We enjoy strong acceptance in both the public and private sectors. I guess you could say our products are Foundation Fieldbus, WirelessHART and wired HART. All of these technologies are widely deployed across the country in a number of industries. We look at India as the potential market with an enormous opportunity and a big potential for growth within public infrastructure as there are lots of water and waste water plants and power generating plants getting added in the country. Within the private sector, new gas plants are on the horizon, in refineries, chemical plants, pharmaceutical plants, etc. The economic future of India is very promising and FieldComm Group believes that they can play a valuable role in that growth.

What is your plan for the Indian market?

Our plan is to continue to support our member companies with broad marketing of our core technologies. We are very pleased to be a major participant in the Automation exhibition and plan on continuing to be a participant. What we realise is that a continuous education is required here; so we will investigate all our options to launch more and more training of both suppliers and end users. We have been fortunate to have a marketing committee that is comprised of leading manufacturers and are making efforts to increase the participation. In short, we are here for the long haul and looking forward to strong success.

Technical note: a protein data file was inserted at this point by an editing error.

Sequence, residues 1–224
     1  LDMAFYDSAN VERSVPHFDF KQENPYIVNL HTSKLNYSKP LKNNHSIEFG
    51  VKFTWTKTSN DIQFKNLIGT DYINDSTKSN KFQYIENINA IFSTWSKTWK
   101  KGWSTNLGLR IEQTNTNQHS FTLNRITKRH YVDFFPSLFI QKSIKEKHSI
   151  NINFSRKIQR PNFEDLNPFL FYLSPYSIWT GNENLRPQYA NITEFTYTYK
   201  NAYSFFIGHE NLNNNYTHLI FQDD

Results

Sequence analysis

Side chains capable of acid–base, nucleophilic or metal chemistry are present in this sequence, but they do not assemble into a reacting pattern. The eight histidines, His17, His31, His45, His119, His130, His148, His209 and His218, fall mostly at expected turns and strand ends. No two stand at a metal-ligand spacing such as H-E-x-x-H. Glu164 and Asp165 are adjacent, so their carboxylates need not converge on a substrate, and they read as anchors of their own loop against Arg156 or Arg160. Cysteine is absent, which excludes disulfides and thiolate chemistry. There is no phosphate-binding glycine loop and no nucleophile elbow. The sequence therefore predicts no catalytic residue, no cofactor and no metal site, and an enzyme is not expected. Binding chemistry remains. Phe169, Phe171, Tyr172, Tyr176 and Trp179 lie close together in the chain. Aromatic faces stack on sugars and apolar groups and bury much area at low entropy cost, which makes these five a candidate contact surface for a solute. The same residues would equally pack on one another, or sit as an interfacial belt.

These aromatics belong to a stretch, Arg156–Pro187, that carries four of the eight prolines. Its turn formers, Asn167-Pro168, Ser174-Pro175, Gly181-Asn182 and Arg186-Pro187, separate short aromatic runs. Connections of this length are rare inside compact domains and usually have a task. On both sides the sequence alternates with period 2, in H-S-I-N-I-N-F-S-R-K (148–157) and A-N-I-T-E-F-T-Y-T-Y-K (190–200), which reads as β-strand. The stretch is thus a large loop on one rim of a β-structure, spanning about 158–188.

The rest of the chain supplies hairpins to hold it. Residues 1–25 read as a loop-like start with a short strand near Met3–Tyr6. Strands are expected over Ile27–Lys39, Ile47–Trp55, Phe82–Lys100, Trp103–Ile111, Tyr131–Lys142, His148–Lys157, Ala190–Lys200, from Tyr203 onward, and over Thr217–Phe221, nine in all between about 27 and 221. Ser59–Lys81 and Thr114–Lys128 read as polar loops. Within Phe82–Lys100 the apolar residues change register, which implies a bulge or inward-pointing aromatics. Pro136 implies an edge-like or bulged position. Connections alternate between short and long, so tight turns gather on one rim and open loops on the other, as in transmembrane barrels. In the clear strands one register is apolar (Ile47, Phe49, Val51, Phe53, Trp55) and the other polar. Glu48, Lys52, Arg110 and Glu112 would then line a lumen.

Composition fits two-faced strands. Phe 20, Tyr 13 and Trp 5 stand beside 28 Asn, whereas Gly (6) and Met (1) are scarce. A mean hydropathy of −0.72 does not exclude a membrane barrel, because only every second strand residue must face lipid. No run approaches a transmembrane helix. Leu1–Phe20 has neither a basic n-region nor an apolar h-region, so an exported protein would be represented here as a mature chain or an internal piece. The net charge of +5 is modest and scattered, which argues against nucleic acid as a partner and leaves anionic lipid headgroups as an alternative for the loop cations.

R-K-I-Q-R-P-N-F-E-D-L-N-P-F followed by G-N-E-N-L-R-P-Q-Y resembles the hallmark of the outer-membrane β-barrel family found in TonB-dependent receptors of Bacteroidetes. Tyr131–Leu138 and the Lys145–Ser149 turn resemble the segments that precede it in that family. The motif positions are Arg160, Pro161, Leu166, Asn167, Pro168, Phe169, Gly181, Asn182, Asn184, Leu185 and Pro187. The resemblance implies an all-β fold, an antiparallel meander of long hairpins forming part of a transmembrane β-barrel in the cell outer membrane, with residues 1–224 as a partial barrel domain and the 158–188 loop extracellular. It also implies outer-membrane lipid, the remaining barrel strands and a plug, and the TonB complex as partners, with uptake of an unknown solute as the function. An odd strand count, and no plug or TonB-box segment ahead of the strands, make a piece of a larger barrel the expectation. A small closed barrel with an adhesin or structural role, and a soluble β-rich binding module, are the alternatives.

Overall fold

What more can be done for increasing automation in Indian enterprises?

As I said, I believe that the India market has a strong appetite for digital solutions in automation. Our member companies need to continue the education of their clients in terms of the automation solutions available. It is not simply about digital devices but about which basic technology delivers the functionality they require and how best to integrate that device into a digital architecture.